Pay attention: The importance of tracking marketing results
Identify theft affects a staggering 7 percent of the population annually, according to the U.S. Bureau of Justice Statistics, and totals more than $25 billion annually in financial losses to the U.S. economy. Due to its emotional impact and resulting behavior changes, identity fraud can have an influence upon the overall health and economy. Many victims report a general loss of trust, and a lack of confidence in a “system” that had been unable to help them recover after the crime. Their future decisions, including decisions on what to buy, from whom, and how much, are influenced by being a victim of identity theft.
Most of us have left ourselves vulnerable in many ways, but the biggest problem is, we are not aware of the extent of the problem or how to protect ourselves.
The need for vigilance can apply to many disciplines, including corporate expenditures on sales and marketing. Even here we can find similar vulnerabilities caused by not paying attention to potential loss and waste. The intents are not nefarious, but millions of dollars are wasted because we’re not taking time to determine if our marketing is making a difference.
Avoid the drain on your revenues. #28 of Valcort’s 35 Keys to Business Growth reads:
Understand the impact of your advertising, marketing and sales efforts on your company’s revenues, profit, and customer loyalty.
The best way to do this is to relentlessly track results, and then make the changes necessary to improve performance. We’ve gathered some tips, with thanks to the Young Entrepreneur Council: Check them out.
- Low hanging fruit. There are a lot of easy ways to monitor effectiveness of your efforts: How many leads generated? Twitter followers, or webinar attendees. How many page views did your latest white paper garner? How many sign-ups resulted from your latest Twitter contest? How ‘engaging’ was last week’s webinar?
- Content tracking: Now that high-quality content has so many benefits in the marketing world, it's important to track all its different uses. For example, when you share specific pieces of content, use Buffer to track it. Or, when you send someone an email that includes a specific type of content, use HubSpot or Infusionsoft to track the results. It can be as simple as tracking the clicks on your recent post.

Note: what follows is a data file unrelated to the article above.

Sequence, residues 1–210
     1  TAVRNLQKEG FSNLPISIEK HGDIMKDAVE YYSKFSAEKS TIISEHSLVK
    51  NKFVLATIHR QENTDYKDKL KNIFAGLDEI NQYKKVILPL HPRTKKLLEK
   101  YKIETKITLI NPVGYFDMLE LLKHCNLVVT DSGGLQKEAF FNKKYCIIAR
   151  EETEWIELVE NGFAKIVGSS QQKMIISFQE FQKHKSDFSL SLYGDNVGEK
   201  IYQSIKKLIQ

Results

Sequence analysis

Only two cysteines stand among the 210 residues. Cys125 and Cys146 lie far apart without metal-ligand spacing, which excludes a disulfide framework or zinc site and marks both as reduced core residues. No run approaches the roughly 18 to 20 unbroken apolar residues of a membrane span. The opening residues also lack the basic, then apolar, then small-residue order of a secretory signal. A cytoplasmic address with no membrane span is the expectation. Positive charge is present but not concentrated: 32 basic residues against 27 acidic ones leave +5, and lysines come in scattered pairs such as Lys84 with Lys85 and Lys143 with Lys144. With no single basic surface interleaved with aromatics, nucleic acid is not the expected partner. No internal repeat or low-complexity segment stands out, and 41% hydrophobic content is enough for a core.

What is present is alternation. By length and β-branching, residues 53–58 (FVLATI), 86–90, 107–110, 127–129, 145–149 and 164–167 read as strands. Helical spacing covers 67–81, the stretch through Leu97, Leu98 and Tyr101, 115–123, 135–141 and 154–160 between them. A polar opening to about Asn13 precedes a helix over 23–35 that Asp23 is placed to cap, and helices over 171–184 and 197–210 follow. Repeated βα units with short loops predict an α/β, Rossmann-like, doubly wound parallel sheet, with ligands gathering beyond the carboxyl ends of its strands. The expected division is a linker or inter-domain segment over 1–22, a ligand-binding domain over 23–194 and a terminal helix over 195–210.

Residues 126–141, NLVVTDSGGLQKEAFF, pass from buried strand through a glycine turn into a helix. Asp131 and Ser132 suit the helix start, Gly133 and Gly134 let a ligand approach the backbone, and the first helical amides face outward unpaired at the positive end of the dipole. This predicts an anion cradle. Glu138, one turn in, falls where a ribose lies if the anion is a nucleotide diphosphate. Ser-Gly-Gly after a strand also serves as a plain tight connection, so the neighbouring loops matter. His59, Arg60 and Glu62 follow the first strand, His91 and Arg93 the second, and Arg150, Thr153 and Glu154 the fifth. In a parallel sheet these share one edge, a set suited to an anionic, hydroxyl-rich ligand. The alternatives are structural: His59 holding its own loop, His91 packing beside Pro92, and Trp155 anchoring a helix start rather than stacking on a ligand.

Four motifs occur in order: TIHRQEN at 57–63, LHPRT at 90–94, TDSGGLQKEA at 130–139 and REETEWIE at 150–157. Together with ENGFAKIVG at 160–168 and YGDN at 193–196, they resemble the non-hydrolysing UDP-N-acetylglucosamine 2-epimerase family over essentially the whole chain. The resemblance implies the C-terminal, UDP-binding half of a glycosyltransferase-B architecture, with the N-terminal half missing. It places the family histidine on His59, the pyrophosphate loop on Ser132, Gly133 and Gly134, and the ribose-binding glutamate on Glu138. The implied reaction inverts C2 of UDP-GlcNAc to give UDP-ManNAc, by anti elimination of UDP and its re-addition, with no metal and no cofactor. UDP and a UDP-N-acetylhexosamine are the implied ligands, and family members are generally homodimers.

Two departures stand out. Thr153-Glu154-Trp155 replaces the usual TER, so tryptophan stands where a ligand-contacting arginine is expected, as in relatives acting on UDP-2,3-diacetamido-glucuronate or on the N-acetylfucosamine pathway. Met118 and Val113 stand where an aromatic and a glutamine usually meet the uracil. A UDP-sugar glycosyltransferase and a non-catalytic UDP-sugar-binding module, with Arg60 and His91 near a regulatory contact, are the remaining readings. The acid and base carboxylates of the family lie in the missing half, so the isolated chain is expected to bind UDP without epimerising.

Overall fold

- Acquisition channels: Track every acquisition channel through which users register. This includes blog posts, press, organic search, paid ads, and partnerships. Review the data weekly. It shows which channels convert the highest, generate the most loyal users, and more. This data signals on which channels to "double down" efforts, and which to let die.
- Google analytics: Use Google Analytics to focus on the ROI of Adwords marketing campaigns. Constantly optimize spending based on customer acquisition cost.
- Check the rates: Think about the goals of your marketing and analyze data like open rates, click-throughs and social performance of content and formatting. Use this to shape email marketing strategy.
- Track stack: Use a stack of marketing trackers such as Segment.io, Marketo and Salesforce.com. You can use Geckoboard to make the data available to anyone iny our company and display it on screens around the office.
- Salesforce: Use Salesforce.com to track productivity of marketing efforts, which are segmented into a variety of categories like campaigns, lead types, company types and more. Marketing really is the top of the sales funnel, and with Salesforce.com, you can create and share several dashboards and reports to use across the team.
- Customer lifetime value: Customer lifetime value (LTV) is a great way to reveal the quality of customer segments. Segment customers by referral source (ad campaign, social network, etc.) and look at their LTV. Just because an ad is converting doesn't mean it will bring in high-LTV customers. Word of mouth and social network referrals lead to customer LTVs that are often worth several times more than the ones that come from ad campaigns. Conversion rate can easily become a vanity metric, but focusing on LTV will help build a long-term business.
- Data collection: In marketing, the most important data are those that show if creativity is delivering. These numbers are called dollar productive activity (DPA) metrics, such as how many calls/emails/meetings occurred and how many of those activities converted into a closed deal. There's a distinct difference between being busy and being effective. From these metrics, you can see if your activity is effective. If calls are working better than emails, adjust. How many calls does it take to close deals?
Read more of Valcort's 35 Keys to Business Growth